“Amici, Oi Φιλοι,” Two very distinct ways to say Friends, but not unfamiliar to any alum who has been taught by Phil Schwartz or most recently Christel Johnson. This year marks Christel’s 20th year at Friends, where she has worked as teacher in the World Languages Department and is the current department chair. She shared, “At Friends pushback is encouraged, which allows teachers to expand the curriculum.”
After completing her PHD program and while working on her dissertation, Christel was looking for an adventure. She decided to take a chance on New York City, and after searching through different independent school job boards, she chose Friends Seminary. “Upon walking into Friends, I had this smell, this memory of my old elementary school. It was an emotional connection from that first day I came
in for my interview.”
Christel was initially hired to teach Greek and Latin. “I was very disappointed when Greek was removed from my teaching load, given that was what I studied in college and for my PHD.” As the number of students with an interest in the ancient language have increased, Friends now offers Greek 1 and 2. It is an elective course for students who have a love of languages.
Who has inspired Christel’s teaching? “Phil Schwartz was a great mentor for me when I came to Friends, and at that time Pam Wood was our Division Head. They both helped introduce me to Quaker values which I have integrated into my teaching. In world languages we focus on community and embracing different cultures, relating to Quaker values of equality and creating a sense of belonging. At Friends we’ve had the opportunity to expand the curriculum to bring awareness to other cultures under the old Roman Empire. It is refreshing to work in a community where diversity of offerings is welcomed.”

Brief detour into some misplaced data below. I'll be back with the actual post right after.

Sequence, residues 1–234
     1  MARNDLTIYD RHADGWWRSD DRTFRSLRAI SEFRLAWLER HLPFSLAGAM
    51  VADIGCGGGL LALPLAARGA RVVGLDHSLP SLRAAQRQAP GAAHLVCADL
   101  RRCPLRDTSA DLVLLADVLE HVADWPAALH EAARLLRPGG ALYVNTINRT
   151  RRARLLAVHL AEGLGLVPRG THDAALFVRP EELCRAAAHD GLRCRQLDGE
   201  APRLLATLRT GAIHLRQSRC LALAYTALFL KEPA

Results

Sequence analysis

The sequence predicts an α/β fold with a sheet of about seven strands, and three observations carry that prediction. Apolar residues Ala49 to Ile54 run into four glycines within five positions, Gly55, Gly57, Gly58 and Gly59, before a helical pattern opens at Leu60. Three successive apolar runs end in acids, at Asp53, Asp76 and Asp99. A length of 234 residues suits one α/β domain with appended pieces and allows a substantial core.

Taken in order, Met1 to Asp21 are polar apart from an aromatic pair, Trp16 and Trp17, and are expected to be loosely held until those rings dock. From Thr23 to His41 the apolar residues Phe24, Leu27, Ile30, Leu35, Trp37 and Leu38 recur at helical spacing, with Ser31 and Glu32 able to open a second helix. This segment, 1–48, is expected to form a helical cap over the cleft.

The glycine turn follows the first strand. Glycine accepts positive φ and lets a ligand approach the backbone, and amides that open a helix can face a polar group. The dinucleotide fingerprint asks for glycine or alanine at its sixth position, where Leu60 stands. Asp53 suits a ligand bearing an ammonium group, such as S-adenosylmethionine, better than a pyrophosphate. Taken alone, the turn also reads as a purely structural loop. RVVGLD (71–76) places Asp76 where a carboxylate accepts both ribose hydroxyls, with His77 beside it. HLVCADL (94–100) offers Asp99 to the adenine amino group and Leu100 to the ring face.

“For the last 20 years, each day walking into Friends has felt like a constant homecoming, almost like a returning-to-self that I know what I was meant to be, which is a teacher.” Today, Christel continues to teach Latin and Greek and is the Chair of the World Languages Department. “I have the immense privilege to work with some of the most dedicated and thoughtful teachers at all grade levels. Friends has invested in the study of world languages, allowing students to learn about different cultures as well,” she reveals. “This is something that makes the School stand out not only in New York, but nationally as well. We’re the only department that allows students to connect with world languages that date back thousands of years as well as those that reside within the five boroughs. Outside of math, we’re the only department that offers students this opportunity. Mathematics, like world languages, is a language; all languages trace their very beginnings to the earliest instances of inquiry and scholarship. Both disciplines provide students an untethered connection to the past which they can use to tap into deeper community and belonging.”